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January 06 , 2016

Quicklet on Ernest Hemingway's Islands in the Stream (CliffNotes-like Summary, Analysis, and Review)

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Quicklet on Ernest Hemingway's A Moveable Feast (CliffNotes-like Summary)

ABOUT THE BOOK I first read Hemingway’s posthumously-published memoir, A Moveable Feast (1964), when I was spending my junior year abroad studying at the University of Exeter in England, and I fell in love with the book. I think it appealed to me especially since I imagined myself to be – like Hemingway and his friends – an expatriate, at…

ABOUT THE BOOK

Published in 1970, Islands in the Stream is the first of Ernest Hemingways posthumous novels. The novel was lightly edited by his widow, Mary Hemingway, and his publisher, Charles Scribner, Jr. Mary carefully points out in a note that opens the book, Beyond the routine chores of correcting spelling and punctuation, we made some cuts in the manuscript, feeling that Ernest would have surely made them himself.

Hemingway began work on this massive project in 1945. The pages he wrote from then until his death in 1961 became several different novels, some posthumous, some published before his death. All are loosely connected in that they were worked on concurrently, and at times, part of the same work.

Pieces were cut here and there to provide material for other books, and when finished, he produced enough text for four novels: Old Man, Islands, Across the River and into the Trees, and The Garden of Eden.

MEET THE AUTHOR

Ben Mitchell-Lewis is a resident of New Hampshire, but tries to spend as much time as possible traveling around New England, the country, and the world. He is a graduate of Colby College and is slowly cracking into the freelance writing game. Ben likes to get outside in any capacity (but especially to rock climb or ski), and travel/adventure writing is his favorite genre, though classic American novels are hard to beat.

EXCERPT FROM THE BOOK

The novels protagonist is Thomas Hudson, a world famous painter. As the book opens with Part I: Bimini, the reader is introduced to Hudson and his house set on a hill in Bimini, an island in the Bahamas. The house is as much a character as Hudson, and the whole of Part I revolves around the house, with brief interludes at bars, docks, and aboard a cabin cruiser equipped for lengthy days of fishing and exploring.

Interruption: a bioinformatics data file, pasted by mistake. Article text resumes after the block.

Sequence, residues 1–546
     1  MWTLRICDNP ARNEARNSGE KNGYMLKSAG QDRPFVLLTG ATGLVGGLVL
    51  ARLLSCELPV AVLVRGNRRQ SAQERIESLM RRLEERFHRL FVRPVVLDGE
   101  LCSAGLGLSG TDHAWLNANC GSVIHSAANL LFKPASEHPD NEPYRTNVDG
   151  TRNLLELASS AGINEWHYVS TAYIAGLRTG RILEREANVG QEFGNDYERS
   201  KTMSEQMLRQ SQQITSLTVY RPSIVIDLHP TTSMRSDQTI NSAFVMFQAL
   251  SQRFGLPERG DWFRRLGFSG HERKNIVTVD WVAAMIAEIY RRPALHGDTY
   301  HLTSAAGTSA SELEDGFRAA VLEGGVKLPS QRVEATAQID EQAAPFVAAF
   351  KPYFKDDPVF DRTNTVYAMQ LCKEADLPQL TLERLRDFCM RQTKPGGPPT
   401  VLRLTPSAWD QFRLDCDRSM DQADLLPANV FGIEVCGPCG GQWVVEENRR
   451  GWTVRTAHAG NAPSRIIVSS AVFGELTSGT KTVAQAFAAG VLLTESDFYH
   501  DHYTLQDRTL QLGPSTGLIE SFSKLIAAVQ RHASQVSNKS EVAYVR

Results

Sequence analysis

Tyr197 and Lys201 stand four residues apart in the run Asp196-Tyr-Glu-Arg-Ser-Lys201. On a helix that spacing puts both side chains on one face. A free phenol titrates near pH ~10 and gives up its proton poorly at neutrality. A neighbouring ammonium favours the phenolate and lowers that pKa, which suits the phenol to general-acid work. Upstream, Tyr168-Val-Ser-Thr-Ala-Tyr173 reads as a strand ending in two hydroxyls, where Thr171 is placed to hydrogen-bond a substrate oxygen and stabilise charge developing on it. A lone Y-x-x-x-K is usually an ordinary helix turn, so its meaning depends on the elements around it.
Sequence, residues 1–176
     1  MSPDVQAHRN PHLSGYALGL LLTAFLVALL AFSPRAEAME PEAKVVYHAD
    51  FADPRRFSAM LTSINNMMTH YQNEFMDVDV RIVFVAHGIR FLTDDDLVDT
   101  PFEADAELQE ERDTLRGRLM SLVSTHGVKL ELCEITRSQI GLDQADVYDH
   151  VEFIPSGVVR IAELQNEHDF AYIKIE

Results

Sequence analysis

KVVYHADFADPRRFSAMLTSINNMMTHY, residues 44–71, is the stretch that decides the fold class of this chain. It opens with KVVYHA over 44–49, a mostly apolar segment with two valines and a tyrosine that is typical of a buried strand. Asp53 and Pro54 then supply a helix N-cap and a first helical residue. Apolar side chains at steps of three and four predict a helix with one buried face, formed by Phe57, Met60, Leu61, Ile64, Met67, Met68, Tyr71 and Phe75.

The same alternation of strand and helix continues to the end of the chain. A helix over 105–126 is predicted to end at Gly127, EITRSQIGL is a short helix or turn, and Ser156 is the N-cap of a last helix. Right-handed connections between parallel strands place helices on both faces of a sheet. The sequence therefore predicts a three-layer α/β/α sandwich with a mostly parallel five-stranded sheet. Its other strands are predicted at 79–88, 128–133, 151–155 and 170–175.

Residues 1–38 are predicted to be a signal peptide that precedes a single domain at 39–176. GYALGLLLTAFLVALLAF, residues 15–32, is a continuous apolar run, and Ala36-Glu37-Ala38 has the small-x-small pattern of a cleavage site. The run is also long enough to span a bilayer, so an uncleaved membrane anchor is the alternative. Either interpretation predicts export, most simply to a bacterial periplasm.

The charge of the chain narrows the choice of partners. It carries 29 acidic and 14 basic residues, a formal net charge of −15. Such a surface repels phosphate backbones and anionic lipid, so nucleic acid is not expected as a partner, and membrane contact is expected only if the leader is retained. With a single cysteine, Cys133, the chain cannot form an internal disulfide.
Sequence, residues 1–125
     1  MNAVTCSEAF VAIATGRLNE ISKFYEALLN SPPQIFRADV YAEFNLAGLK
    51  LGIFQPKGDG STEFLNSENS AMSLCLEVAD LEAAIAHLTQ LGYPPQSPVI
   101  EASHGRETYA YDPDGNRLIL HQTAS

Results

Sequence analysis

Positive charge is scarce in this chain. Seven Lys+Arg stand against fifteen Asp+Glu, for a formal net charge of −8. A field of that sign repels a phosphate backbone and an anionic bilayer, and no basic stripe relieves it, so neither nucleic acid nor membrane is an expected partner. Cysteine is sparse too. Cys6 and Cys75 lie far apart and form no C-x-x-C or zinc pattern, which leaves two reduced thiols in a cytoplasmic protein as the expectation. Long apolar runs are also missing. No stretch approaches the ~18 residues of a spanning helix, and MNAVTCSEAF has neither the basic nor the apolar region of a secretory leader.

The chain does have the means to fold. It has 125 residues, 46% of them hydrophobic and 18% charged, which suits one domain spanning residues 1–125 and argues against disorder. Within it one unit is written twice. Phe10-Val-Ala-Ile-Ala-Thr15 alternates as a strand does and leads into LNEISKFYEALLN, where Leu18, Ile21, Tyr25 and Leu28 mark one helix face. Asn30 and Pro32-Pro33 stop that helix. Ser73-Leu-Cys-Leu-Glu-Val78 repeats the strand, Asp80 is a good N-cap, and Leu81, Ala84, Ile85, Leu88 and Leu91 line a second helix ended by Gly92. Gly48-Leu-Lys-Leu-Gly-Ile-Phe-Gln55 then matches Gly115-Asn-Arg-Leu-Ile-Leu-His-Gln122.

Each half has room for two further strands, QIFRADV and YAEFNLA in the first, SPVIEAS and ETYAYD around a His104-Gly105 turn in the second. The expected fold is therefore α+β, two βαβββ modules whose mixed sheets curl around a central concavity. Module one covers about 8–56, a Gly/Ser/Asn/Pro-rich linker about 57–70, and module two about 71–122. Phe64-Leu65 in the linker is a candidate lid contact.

After an initial introduction to Hudson, the reader is familiarized with his habits, his daily life, his routines, and his staff, especially Eddy a constant companion, a good fisherman, and very attentive to Hudsons needsl. Hudson has several others always at hand to cook, clean, and mix drinks, the same people that accompany him fishing and help take care of his children. For Bimini is really about Hudsons relationship with his children the three boys, Tom, David, and Andrew, arrive in Bimini for a vacation with their father shortly after the books opening.

Before they arrive, Roger Davis is brought in. He is an old, dear friend of Hudsons, a fellow expatriate, and plays a pivotal role in the rest of Part I. While Hudson and Davis drink and carouse in the days before the boys visit, Roger gets into a heated fight with a wealthy man from New York on the docks. The events of that evening are quite trying for Davis and Hudson, and they retreat to the hilltop house to sleep it off and wait for the boys.

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Ernest Hemingway's Islands in the Stream

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